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Thursday, March 08, 2007

Today's Birthdays

Dick Allen LAN b. 1942, played 1971, All-Star: 1965-1967, 1970, 1972-1974. A seven-time All Star and 1964 Rookie of the Year, Bill James recently rated him the 15th best first baseman of all time. He played only a single year for the Dodgers, in 1971, at a time and place where being a 29-year-old (black) superstar known for having a mouth was not likely to bring a return performance; with (white, and younger) Steve Garvey waiting in the wings, Allen got moved to the Chisox, where he had three straight All Star appearances, and an AL MVP award.

Marv Breeding LAN b. 1934, played 1963

Juan Encarnacion LAN b. 1976, played 2004

Carl Furillo LAN,BRO b. 1922, played 1946-1960, All-Star: 1952-1953, d. 1989-01-21. A brilliant, graceful outfielder from Pennsylvania, the son of Italian immigrants was nicknamed "The Reading Rifle" for his accurate, hard throws home. Offensively, he was mainly useful for his Garret Anderson-like high-average, low-OBP attack, which he maintained at a high level throughout his career (career average of .299). Though he allegedly signed Dixie Walker's petition to prevent Jackie Robinson from joining the Dodgers in 1947, he denied it subsequently, and was bitter when biopic The Jackie Robinson Story included a character of Italian descent who agitated against Robinson's inclusion.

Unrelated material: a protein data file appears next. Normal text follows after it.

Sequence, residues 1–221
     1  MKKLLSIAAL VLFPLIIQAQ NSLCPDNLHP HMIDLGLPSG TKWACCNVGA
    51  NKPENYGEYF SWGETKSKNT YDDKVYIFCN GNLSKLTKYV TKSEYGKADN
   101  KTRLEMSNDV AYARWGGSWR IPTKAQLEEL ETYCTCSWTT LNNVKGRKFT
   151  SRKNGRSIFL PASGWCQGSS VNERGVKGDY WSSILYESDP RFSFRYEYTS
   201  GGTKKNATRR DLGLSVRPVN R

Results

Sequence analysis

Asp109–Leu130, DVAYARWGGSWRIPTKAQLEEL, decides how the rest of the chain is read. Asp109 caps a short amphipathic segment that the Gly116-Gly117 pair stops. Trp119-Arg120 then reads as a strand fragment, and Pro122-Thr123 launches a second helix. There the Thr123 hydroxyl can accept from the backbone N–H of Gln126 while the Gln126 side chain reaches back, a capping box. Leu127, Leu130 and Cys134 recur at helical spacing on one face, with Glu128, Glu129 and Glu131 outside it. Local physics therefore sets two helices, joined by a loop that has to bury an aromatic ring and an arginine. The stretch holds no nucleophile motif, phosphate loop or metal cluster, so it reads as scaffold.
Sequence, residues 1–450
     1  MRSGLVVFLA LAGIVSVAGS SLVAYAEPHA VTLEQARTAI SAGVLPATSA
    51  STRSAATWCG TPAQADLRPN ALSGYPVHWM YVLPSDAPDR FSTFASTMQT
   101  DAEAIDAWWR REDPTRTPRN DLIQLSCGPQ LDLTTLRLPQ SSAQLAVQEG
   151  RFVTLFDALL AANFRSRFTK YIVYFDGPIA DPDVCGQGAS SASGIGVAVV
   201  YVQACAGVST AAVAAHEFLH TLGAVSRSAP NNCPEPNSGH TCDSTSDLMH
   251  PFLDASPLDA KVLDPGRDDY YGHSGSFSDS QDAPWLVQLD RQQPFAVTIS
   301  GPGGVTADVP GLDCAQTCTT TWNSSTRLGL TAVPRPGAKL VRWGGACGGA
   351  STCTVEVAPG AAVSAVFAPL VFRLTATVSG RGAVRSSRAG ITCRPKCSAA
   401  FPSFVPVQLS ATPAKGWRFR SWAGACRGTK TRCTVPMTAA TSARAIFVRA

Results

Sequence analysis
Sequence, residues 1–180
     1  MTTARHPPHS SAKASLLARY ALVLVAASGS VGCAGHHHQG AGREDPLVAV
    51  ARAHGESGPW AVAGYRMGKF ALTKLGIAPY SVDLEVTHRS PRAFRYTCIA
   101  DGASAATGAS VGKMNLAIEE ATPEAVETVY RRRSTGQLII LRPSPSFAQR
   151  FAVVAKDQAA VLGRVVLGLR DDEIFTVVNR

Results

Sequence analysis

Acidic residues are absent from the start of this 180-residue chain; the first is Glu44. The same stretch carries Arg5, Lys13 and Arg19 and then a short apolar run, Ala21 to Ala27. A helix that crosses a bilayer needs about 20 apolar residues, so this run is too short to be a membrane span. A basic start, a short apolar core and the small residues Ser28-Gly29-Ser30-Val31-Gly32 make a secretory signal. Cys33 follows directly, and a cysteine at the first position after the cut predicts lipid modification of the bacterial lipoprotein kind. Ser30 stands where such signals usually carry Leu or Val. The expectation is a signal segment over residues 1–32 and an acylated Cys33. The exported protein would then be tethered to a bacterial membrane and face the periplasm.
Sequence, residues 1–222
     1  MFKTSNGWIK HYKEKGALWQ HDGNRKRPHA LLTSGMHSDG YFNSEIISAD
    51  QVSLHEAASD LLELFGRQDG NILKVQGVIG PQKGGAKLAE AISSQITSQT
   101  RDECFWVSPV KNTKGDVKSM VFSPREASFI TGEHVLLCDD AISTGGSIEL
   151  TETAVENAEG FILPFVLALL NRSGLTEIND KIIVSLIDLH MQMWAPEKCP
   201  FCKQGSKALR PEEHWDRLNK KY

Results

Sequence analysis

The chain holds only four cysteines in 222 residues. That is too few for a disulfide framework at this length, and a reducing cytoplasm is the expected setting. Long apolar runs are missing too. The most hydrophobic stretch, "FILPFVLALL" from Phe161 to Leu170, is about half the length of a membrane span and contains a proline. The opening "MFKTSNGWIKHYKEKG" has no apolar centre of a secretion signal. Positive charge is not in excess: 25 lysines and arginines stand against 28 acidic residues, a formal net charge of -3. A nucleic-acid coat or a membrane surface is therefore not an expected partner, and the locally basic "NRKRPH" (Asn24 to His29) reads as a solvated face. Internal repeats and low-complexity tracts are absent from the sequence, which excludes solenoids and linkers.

Al Gionfriddo BRO b. 1922, played 1947, d. 2003-03-14

Willard Hunter LAN b. 1934, played 1962

Mark Lukasiewicz ANA b. 1973, played 2001-2002. Decidedly not on the 2002 postseason roster.

Polish mathemetician Jan Łukasiewicz invented an unambiguous prefix notation for mathematical operations that did not rely upon implied operator priorities, as was previously needed for traditional notation. His work was extended and inverted by Australian Charles Hamblin and the result called Reverse Polish Notation, because the spelling of "Łukasiewicz" easily confused anglophones. For many years, HP calculators employed RPN (and apparently, still, though not in as many models as before); geeks of a certain age will recall them fondly as both indestructable (I still have two from my college days) and invaluable. Throw off the shackles of your parentheses! Untie yourself from my dear Aunt Sally's apronstrings!

Ollie O'Mara BRO b. 1891, played 1914-1916, 1918-1919, d. 1989-10-24

Dick Teed BRO b. 1926, played 1953

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i heart HP & RPN. Own 3 from my schoolin' days in the early '80s and into the '90s, and seemingly weekly disparging the TI geeks with the superiority of RPN. And the ability to program them came in quite handy come exam time - a fact the Profs didn't pick up on for a semester or two.

btw, i just got back from Tempe Diablo with pics of our favorite two young Korean Halos. pics are going up now and a diary will be posted at HH. it was a much better choice than feeding Lew's building fund and seeing the rivals play at Phoenix Muni.
I once forgot there was going to be a test in my physics class and subsequently didn't bring a calculator (at this point I was against both backpacks and lockers). I asked the teacher if he had one I could borrow, and so he gave me his RPN calculator. I was pretty baffled for awhile, but I ended up being the only student to get 100% on that test.

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